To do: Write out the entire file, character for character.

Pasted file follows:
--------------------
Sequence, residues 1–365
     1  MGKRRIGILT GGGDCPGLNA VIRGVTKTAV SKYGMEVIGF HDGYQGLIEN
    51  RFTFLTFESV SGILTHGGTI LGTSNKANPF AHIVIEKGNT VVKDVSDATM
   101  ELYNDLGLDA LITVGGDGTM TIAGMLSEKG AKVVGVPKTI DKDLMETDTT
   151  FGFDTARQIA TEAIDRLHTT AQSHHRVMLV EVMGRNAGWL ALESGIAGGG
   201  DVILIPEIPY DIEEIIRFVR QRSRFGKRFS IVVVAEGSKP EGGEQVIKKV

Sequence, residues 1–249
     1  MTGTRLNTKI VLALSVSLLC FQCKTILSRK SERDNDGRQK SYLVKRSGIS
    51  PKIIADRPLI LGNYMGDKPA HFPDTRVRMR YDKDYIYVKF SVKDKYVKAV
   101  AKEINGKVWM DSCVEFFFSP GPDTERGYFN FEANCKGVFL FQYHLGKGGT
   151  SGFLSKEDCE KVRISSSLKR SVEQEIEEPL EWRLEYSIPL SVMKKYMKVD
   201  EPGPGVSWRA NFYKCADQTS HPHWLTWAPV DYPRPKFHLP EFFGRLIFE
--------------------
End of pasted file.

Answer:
Sequence, residues 1–365
     1  MGKRRIGILT GGGDCPGLNA VIRGVTKTAV SKYGMEVIGF HDGYQGLIEN
    51  RFTFLTFESV SGILTHGGTI LGTSNKANPF AHIVIEKGNT VVKDVSDATM
   101  ELYNDLGLDA LITVGGDGTM TIAGMLSEKG AKVVGVPKTI DKDLMETDTT
   151  FGFDTARQIA TEAIDRLHTT AQSHHRVMLV EVMGRNAGWL ALESGIAGGG
   201  DVILIPEIPY DIEEIIRFVR QRSRFGKRFS IVVVAEGSKP EGGEQVIKKV

Sequence, residues 1–249
     1  MTGTRLNTKI VLALSVSLLC FQCKTILSRK SERDNDGRQK SYLVKRSGIS
    51  PKIIADRPLI LGNYMGDKPA HFPDTRVRMR YDKDYIYVKF SVKDKYVKAV
   101  AKEINGKVWM DSCVEFFFSP GPDTERGYFN FEANCKGVFL FQYHLGKGGT
   151  SGFLSKEDCE KVRISSSLKR SVEQEIEEPL EWRLEYSIPL SVMKKYMKVD
   201  EPGPGVSWRA NFYKCADQTS HPHWLTWAPV DYPRPKFHLP EFFGRLIFE